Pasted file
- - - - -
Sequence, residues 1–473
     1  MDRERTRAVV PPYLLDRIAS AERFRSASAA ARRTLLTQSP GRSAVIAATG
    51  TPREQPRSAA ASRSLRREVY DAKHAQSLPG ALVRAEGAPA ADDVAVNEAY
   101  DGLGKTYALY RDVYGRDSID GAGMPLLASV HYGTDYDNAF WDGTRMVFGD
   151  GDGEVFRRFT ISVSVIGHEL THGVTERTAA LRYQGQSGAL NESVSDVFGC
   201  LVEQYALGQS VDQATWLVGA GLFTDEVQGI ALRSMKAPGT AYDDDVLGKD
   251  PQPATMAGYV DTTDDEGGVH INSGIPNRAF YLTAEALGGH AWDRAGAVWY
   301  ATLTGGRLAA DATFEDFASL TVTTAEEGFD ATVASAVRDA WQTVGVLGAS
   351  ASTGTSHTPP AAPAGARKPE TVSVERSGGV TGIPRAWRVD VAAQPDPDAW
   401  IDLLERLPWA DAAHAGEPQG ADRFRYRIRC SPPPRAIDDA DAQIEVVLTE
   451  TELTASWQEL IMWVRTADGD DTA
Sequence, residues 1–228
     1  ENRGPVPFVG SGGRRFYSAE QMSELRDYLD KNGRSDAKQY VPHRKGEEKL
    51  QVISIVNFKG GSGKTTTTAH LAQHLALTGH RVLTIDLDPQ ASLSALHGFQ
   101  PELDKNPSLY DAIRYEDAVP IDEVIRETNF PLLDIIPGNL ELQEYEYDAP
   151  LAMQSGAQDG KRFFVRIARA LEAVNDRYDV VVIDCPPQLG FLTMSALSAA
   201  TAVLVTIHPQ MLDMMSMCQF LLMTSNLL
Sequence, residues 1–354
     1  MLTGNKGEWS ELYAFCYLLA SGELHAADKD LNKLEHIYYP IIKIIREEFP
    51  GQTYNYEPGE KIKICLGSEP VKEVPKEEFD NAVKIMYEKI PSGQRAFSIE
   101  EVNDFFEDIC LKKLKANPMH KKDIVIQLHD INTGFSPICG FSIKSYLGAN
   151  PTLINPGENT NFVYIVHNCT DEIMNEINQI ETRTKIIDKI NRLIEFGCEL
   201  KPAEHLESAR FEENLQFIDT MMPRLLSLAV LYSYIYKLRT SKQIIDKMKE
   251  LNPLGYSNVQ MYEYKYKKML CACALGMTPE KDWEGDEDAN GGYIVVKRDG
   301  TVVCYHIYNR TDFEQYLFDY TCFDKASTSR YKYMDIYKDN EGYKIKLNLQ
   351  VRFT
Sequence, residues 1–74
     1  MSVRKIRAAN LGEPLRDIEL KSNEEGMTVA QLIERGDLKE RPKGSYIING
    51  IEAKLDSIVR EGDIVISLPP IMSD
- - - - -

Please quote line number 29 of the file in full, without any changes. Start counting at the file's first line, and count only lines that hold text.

    51  IEAKLDSIVR EGDIVISLPP IMSD